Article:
Team Building

Launching Effective Ministry Teams

GroupOfYoungLeadersNever doubt that a small group of thoughtful, committed people can change the world.Indeed, it is the only thing that ever has. – Margaret Mead

In almost any ministry situation today effective teams are a key, but how do you create such a team? Effective teams do not simply “happen”. They have to be built. As you move forward in building teams, you can learn a great deal by examining the experience of others.  Here are some insights from people who have been working in team-based ministries:

  1. Don’t prejudge people.  Those people who initially appear to be good team leaders sometimes do not turn out to be the best choice, while others bubble up to the surface as teams continue to develop.  These emerging individuals are what we look for. Their ability and level of commitment constantly surprises us.
  2. Realize that structural change is becoming more challenging.  Structuring teams in older traditional ministries is among the most difficult of challenges.  It takes extra time to turn around a group that is comfortable relying on an established system of leader and worker. It can be hard to let go of a system that has been institutionalized but has little reason to be continued.
  3. Be careful not to isolate your teams from each other and the shared vision.  Teams need to have contact with each other to generate synergy and to share encouragement.  Isolation slows momentum.  Bring the various teams together to share what is going on.  The success of others often encourages those who are finding it hard work.  Also, the shared vision can be reiterated and each person’s part, as well as the team’s part, can be tied to the whole.  There are many creative ways of doing this, and team members are often not short on imagination in this area.
  4. Be prepared to make adjustments in your ideas of leadership style.  The shift from being a director to being a coach will need to be negotiated and reinforced along the way.  It usually takes a minimum of 12 months to fully make the transition.  A common struggle in the initial stage is the tendency to keep a tighter rein than most teams are comfortable with.  There is widespread reluctance by leaders to share responsibility.  The number one reason for this is fear that the job won’t be done correctly.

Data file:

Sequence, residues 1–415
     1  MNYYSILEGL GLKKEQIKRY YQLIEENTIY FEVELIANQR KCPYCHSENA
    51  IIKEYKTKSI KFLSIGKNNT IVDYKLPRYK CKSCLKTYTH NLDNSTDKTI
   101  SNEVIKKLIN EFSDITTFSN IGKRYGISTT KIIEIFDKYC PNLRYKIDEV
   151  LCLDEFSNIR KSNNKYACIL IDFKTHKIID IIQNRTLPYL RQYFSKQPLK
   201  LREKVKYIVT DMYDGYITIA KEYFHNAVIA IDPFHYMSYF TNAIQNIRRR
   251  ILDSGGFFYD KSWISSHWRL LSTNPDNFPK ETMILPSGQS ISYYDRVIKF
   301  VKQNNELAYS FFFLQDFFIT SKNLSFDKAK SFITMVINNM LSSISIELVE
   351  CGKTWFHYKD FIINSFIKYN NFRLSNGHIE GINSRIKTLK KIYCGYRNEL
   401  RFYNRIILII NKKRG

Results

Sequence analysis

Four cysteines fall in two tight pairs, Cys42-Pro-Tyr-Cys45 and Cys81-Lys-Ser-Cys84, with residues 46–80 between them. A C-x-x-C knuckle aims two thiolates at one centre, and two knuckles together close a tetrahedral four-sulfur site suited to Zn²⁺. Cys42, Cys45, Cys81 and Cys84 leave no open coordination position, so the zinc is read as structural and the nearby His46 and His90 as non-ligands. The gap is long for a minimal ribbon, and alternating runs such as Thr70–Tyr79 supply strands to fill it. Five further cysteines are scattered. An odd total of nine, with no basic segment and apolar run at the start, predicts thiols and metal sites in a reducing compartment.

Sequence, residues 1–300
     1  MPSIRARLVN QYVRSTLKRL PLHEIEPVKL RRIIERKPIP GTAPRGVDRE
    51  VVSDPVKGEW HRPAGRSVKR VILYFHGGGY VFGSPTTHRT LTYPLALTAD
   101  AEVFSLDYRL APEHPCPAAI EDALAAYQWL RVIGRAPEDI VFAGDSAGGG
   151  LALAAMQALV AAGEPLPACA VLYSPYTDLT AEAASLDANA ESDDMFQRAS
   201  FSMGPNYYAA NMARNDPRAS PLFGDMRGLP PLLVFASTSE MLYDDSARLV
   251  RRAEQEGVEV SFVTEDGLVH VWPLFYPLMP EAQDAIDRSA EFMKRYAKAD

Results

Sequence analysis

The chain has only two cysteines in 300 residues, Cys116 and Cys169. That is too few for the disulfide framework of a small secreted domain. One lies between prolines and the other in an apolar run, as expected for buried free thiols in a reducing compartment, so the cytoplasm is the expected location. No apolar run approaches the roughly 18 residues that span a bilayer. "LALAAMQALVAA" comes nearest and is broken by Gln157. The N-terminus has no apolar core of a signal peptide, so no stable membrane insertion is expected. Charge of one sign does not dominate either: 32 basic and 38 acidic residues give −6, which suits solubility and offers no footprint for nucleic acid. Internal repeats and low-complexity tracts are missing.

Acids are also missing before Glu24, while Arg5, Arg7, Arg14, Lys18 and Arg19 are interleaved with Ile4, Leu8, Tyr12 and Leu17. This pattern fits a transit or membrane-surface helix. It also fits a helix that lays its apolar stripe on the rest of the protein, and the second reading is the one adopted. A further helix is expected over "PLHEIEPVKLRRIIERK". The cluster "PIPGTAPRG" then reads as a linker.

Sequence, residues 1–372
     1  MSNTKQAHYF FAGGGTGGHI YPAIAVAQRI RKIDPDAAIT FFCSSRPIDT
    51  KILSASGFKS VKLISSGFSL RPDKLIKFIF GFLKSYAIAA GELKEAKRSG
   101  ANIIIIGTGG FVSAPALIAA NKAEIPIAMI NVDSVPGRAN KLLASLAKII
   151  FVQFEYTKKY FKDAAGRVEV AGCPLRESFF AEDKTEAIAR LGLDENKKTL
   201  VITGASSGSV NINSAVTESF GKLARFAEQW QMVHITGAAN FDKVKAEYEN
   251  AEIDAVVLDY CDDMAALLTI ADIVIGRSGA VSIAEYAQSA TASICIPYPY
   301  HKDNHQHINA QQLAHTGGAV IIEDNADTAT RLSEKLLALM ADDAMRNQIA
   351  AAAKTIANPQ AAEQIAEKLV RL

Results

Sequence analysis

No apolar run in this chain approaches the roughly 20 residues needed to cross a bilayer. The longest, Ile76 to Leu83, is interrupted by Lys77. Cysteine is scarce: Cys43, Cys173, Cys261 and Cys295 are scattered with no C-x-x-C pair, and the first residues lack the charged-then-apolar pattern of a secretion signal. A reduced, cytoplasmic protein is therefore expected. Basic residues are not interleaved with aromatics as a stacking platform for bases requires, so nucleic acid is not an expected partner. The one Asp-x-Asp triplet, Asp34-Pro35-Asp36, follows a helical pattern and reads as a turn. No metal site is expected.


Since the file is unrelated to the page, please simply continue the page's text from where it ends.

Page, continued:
5. Don’t assume that because leaders have agreed to do it, that it will be easy.  Most ministry organisations discover that a great deal of persistence is required when teams are faced with unforeseen challenges.  However, because there is a higher degree of ownership and commitment on the part of everybody involved, these snags along the way are easier to deal with and overcome.
  6. Regularly check to see if your activities and strategies are linked to your vision.  Core values form the foundation for your unique vision.  They represent “our way” of doing things.  Values should be sharpened as an organisation develops and matures over the years.  They become more contagious and less negotiable.  Values and vision represent the best means for determining “fit” for prospective team members. A chief responsibility of leadership is to courageously align the various ministry teams within the overall vision.  With maturity and sensitivity, this process can be carried out effectively, refocusing rather than inhibiting the creative gifts of each individual.

Quotes on Team Building

A team is a small number of people with complementary skills who are committed to a common purpose, goals, and approach for which they hold themselves mutually accountable – John Katzenbach and Douglas Smith.

There are three keys to making a successful team: (1) Coming together is the beginning. (2) Working together is progress. (3) Staying together is success. – Henry Ford

When a team outgrows individual performance and learns team confidence, excellence becomes a reality. – Joe Paterno

The point of the game is not how well the individual does, but whether the team wins.  That’s the beautiful heart of the game, the blending of personalities, the mutual sacrifices for the group success. – Bill Bradley

In the movie Rocky, the boxer Rocky Balboa sums up the power of teamwork and synergy as he describes the relationship between him and his girlfriend: “I’ve got gaps, she’s got gaps.  Together, we’ve got no gaps.”

Colin Noyes

Colin is the Director of ResourceZone International, a ministry that publishes a wide range of quality resources. Colin is responsible for the research and development side of this ministry. He has thirty years of experience as a pastor, lecturer and consultant/coach to consultants, coaches and leadership of a wide range of organisations. He is a recognized authority in areas like coaching, leadership development, team building, organizational health and growth. He can be reached at

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About the Editor and Primary Author

Colin Noyes

Colin Noyes is a Brisbane (Australia) based coach and consultant with extensive experience in the areas of organisational health and growth, change management, leadership development, recruiting/staff development and coaching. Read more

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